I see this morning that Daniel Kronauer has published a review of army ant biology in Myrmecological News. The paper, among other topics, attempts to straighten out some key terminology:
AenEcDo army ant: a connotation free abbreviation that is introduced here to avoid the term “true” army ant. It collectively refers to species in the three subfamilies Aenictinae, Ecitoninae, and Dorylinae and is strictly taxonomically defined.
Army ant: any ant species with the army ant adaptive syndrome.
Army ant adaptive syndrome: a life-history characterized by group predation, nomadism, permanently wingless queens, and dependent colony founding.
Driver ant: a term coined by SAVAGE (1847), only to refer to African Dorylus species of the subgenus Anomma that “drive” fleeing arthropods in front of epigaeic swarm raids. Because the same phenomenon also occurs in some New World army ants of the genera Eciton and Labidus, the term has generated confusion and usage should be avoided. Furthermore, it has been used inconsistently (e.g., GOTWALD 1974 also referred to the leaf-litter Anomma species as “driver ants”).
True army ant: a term coined by WILSON (1964) to collectively refer to the subfamilies Aenictinae, Dorylinae, and Ecitoninae. Alternatively, the term “classical army ant” has been used (e.g., WITTE &MASCHWITZ 2000, BERGHOFF & al. 2003a). Because both terms incorrectly seem to suggest that army ants outside these three subfamilies are not “real” army ants, they are not particularly useful and I recommend avoiding their usage.
We biologists can classify organisms in several ways. Two of the most common approaches employ function, where species that show similar behaviors are grouped together, and evolution, where groups are defined by their shared ancestry. Either can be useful, depending on the context.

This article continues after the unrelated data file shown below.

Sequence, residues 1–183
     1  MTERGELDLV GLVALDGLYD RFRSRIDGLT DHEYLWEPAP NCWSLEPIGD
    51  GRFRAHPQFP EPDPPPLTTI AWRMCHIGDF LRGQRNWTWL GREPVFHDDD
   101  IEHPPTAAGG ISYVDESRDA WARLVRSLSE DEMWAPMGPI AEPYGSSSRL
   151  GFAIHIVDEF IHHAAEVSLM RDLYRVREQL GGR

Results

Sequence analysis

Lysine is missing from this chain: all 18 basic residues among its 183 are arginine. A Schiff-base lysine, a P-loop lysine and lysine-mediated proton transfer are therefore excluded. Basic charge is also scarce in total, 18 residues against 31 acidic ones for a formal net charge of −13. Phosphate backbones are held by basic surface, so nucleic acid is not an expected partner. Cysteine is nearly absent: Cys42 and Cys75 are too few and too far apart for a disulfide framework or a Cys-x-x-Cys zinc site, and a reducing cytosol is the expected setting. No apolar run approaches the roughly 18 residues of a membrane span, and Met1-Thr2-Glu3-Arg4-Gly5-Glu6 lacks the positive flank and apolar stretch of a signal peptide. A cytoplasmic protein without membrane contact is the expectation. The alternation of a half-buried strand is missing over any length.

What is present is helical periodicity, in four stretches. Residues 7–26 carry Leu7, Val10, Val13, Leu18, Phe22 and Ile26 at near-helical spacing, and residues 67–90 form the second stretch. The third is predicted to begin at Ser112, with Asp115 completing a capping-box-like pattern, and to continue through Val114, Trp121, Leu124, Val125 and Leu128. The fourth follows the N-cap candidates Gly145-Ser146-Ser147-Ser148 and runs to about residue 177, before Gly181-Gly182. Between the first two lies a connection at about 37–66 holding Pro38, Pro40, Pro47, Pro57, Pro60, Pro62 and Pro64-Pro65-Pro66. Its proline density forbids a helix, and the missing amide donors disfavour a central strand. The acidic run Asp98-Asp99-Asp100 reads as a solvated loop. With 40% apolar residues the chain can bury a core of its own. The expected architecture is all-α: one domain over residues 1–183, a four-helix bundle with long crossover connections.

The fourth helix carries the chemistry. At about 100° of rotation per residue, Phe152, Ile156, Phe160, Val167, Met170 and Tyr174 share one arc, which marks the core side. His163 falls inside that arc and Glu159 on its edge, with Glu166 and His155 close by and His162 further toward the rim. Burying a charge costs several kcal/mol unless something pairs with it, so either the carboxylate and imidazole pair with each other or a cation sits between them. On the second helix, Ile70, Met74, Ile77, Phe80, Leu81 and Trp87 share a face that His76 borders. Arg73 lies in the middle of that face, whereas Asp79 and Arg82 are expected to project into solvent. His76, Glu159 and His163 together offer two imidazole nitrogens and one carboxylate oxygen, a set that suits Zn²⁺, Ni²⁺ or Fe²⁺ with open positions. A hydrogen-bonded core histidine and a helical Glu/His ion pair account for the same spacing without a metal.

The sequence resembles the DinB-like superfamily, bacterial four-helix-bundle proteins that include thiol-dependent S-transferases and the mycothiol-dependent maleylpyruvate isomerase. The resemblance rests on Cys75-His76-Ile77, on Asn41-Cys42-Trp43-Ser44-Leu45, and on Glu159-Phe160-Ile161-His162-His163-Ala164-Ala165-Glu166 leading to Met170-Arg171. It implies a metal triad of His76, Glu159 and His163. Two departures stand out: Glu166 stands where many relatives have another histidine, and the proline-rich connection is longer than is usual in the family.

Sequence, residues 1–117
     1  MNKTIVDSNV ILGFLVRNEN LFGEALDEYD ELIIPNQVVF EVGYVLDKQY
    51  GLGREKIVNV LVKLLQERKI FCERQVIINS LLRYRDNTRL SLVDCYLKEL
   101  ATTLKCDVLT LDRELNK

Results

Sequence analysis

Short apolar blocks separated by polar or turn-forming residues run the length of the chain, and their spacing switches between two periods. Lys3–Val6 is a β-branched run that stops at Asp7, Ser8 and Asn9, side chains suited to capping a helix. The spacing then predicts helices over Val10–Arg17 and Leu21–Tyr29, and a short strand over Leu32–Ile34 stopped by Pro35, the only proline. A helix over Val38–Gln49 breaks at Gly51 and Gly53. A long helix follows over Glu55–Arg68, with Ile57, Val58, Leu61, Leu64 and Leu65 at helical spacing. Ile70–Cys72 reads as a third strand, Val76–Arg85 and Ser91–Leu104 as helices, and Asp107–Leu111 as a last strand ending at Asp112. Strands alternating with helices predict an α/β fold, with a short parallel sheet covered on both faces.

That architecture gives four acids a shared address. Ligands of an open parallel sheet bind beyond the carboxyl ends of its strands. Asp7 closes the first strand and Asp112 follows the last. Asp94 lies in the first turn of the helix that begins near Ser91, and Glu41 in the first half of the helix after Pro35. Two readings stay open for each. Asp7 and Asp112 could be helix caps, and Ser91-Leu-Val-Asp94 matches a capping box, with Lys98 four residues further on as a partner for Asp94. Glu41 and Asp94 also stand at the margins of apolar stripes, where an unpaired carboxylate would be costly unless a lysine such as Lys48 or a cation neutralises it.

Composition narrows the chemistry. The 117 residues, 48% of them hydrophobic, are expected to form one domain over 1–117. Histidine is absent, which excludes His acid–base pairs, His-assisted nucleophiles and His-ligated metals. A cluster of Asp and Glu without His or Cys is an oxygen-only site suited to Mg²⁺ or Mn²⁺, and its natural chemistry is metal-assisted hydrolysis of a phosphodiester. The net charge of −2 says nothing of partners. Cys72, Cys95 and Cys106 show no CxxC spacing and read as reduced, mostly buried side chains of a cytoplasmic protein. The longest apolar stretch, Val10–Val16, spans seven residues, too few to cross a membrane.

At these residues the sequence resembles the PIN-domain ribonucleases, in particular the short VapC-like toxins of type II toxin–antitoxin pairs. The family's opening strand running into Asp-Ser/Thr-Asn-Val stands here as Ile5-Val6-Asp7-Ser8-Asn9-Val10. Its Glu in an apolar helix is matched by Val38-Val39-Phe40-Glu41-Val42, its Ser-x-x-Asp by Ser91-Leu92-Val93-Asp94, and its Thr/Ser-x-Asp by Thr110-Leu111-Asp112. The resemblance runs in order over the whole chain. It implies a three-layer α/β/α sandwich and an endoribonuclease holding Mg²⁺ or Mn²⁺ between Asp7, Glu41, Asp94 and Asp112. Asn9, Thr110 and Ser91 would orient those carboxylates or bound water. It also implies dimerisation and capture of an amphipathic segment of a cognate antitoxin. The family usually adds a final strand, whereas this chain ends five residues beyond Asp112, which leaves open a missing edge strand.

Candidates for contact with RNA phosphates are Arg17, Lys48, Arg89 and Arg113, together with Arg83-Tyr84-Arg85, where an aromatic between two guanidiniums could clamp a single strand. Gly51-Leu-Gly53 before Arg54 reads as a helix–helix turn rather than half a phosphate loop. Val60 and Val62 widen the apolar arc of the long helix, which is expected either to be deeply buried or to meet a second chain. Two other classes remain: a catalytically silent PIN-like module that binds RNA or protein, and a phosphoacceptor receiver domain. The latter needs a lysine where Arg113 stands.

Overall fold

Daniel puts his finger on the confusion caused by mixing these two fundamentally different ways of talking about organisms. In this case, the confusion between referring to a single, large evolutionary lineage of ants sharing a particular behavior by inheritance, and the aggregate of all ants- including those from other lineages- that show the same behavior.
With army ants, the two approaches circumscribe different sets of species. Authors who write about “army ants” must further clarify whether they mean members of the Dorylinae, Ecitoninae, and Aenictinae, or whether they mean nomadic, group-raiding ants with wingless queens. For instance, Simopelta is an army ant by all behavioral indicators, but it is a ponerine, not at all closely related to the dorylines and ecitonines.
Daniel proposes that “Army Ant” refer to the functional category. Sounds good to me. I’d like Simopelta to be an army ant, because that is what it is. He also proposes the positively Frankensteinian “AenEcDo army ant” as a replacement for what we’ve traditionally called army ants. Of that mouthful, I am skeptical.
The subfamilies Aenictinae, Aenictogetoninae, Ecitoninae, and Dorylinae do form a clade, so it seems to me the natural solution would be to provide a proper taxonomic name. One Linnean solution, for example, could be to sink all the Dorylomorphs into a single subfamily, the Dorylinae (a good idea for plenty of other reasons), and assign a tribe name- the Dorylini- to those groups that inherited the army ant syndrome. Or, if one is not of the Linnean persuasion, one could adopt a rank-free clade name. Say, Dorylia.
I also disagree with dismissing the term “driver ant”. Driver ant is not a functional category at all but a vernacular common name, one that is sometimes applied to a particular clade of African species. Of course the term should be avoided in scientific publications, but that’s only because technical publications should use scientific names over common names anyway. It’s not the purpose of common names to be standardized or otherwise controlled. Common names are supposed to be free-form, colorful, and reflective of the varied local cultures. The research community should use the clade name Anomma.
Finally, I’d like to point out that I’ve made it all the way through this post without a single wisecrack about being pedANTic.